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  • Love spuds? Stuff 'em.

    Loaded Twice-Baked PotatoesLoaded Twice-Baked PotatoesPotatoes, and most carbs, got a bad rap during the meaty, fatty Atkins Diet craze. Spuds also get dissed because they are a high-glycemic food. Luckily I haven't been swayed by all the hype-I know that potatoes are rich in vitamin C, potassium and offer some fiber, especially when eaten with the skin on.

    That's good news to me because potatoes are one of my favorite foods. I love them prepared in every way-roasted, steamed and mashed. But give me one stuffed, twice-baked potato loaded with broccoli and ground beef, and topped with melted Cheddar, and I swoon.

    These Loaded Twice-Baked Potatoes make it to your plate in just 40 minutes and, when served with a salad, are a filling quick dinner. Think of baked potatoes as nature's mini casseroles: an edible dish that can hold up to a hearty stuffing. Russets have just the right balance to make a perfect twice-baked potato: enough starch to keep their structure, enough moisture to endure the double cooking.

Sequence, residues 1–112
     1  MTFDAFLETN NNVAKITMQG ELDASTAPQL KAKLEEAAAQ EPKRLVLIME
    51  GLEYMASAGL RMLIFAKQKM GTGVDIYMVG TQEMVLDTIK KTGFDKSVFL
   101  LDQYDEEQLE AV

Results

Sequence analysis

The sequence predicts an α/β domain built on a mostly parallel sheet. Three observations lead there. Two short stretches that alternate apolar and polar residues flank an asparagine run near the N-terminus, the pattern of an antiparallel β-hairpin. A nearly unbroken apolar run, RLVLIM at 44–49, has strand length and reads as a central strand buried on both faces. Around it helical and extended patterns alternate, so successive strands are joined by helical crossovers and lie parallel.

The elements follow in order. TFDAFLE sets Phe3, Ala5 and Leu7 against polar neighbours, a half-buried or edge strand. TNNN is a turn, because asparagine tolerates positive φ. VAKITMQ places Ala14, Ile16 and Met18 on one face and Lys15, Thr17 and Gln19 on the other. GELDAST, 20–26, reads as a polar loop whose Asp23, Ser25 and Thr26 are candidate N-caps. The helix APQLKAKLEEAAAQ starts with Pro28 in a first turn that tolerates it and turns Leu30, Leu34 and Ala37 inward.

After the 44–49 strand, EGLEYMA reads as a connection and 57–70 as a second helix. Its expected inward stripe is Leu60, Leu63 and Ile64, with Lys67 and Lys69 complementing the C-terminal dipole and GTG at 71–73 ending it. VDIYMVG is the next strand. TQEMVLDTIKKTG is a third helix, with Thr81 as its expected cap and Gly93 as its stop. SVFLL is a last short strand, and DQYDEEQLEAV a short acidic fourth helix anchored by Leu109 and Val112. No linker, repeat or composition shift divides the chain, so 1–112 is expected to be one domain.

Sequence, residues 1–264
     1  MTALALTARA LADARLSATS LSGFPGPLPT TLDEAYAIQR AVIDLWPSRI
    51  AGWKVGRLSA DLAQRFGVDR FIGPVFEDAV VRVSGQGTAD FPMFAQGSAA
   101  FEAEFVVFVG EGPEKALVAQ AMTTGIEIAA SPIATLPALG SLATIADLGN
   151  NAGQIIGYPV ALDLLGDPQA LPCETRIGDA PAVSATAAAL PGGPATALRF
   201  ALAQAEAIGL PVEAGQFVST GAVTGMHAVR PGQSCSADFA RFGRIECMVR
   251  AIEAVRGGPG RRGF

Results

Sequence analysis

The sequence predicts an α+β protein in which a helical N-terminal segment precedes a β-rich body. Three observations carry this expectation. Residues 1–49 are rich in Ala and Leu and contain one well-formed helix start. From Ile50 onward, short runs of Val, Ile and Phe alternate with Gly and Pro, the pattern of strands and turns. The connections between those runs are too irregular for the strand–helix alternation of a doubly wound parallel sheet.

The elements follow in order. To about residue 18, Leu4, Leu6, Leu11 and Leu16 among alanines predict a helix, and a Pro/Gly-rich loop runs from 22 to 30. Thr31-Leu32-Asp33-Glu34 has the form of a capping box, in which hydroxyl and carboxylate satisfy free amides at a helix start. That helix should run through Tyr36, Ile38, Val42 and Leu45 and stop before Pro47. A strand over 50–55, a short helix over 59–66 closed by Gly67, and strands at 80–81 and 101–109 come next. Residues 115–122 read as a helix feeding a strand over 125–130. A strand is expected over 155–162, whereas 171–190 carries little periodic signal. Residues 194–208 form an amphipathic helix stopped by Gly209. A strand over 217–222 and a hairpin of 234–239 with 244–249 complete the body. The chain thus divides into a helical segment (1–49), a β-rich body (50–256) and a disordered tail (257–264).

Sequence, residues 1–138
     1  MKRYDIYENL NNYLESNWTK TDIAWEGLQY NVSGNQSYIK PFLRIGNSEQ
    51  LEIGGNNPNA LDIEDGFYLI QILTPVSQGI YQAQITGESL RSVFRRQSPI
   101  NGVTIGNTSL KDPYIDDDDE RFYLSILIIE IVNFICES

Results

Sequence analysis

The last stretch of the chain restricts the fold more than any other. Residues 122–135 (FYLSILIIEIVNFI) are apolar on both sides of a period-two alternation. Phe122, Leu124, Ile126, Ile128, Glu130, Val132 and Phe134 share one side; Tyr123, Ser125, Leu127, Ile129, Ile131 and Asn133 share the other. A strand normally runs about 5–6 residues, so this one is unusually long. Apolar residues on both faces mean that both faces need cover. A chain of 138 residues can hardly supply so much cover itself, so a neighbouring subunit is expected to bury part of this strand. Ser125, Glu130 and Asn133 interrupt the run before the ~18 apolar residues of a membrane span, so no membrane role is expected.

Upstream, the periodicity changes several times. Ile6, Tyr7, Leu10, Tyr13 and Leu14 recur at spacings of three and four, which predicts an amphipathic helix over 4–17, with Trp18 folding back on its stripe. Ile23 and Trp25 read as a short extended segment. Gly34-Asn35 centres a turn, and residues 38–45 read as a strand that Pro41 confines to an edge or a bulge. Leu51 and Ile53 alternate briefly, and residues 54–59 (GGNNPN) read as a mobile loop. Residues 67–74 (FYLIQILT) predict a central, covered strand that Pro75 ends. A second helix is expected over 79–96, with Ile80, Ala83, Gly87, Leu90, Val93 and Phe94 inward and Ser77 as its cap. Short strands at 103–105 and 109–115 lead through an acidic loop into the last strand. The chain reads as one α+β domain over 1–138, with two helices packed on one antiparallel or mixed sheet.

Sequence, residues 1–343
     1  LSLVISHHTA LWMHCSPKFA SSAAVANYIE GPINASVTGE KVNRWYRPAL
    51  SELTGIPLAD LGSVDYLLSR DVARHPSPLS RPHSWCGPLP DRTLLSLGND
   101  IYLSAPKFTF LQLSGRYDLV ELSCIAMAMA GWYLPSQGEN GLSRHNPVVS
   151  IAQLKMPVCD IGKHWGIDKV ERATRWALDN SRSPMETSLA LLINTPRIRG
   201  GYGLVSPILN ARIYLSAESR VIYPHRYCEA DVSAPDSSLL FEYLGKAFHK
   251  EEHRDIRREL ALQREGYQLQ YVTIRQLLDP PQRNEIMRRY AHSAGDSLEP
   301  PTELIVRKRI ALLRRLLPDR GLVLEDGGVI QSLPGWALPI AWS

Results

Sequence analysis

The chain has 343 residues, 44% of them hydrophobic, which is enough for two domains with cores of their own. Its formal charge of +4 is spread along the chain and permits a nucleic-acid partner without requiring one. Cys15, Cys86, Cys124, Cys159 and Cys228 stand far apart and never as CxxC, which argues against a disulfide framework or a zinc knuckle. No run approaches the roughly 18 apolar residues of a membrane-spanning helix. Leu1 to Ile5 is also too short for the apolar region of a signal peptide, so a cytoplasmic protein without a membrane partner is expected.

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  • Better than takeout. Make Chinese favorites cheaper and healthier at home.

    Sichuan-Style Chicken with PeanutsSichuan-Style Chicken with PeanutsBefore I moved to Vermont, I had a weakness for Chinese food. I lived in San Francisco and when I headed for home from working late, I was exhausted. I'd order Chinese takeout from one of dozens of delicious local Chinese restaurants and chow down.

    Now, since I don't live near any good Chinese restaurants, I turned to making some of my favorites like Sichuan-Style Chicken with Peanuts at home (see recipe below). The silver lining is that I can make healthier versions of Chinese-restaurant classics, with perfect fresh produce, and I get to eat them when they're hot and sizzling straight out of my wok. (Scallop & Shrimp Dumplings and Kung Pao Tofu turn out really well too.)

    I'm not the only one who would benefit from making healthier Chinese food at home. EatingWell's recipe for Sweet & Sour Chicken was developed for a family who needed a little help eating healthier and avoiding the Chinese-takeout trap. Their story, and more than 175 of our favorite comfort-food recipes,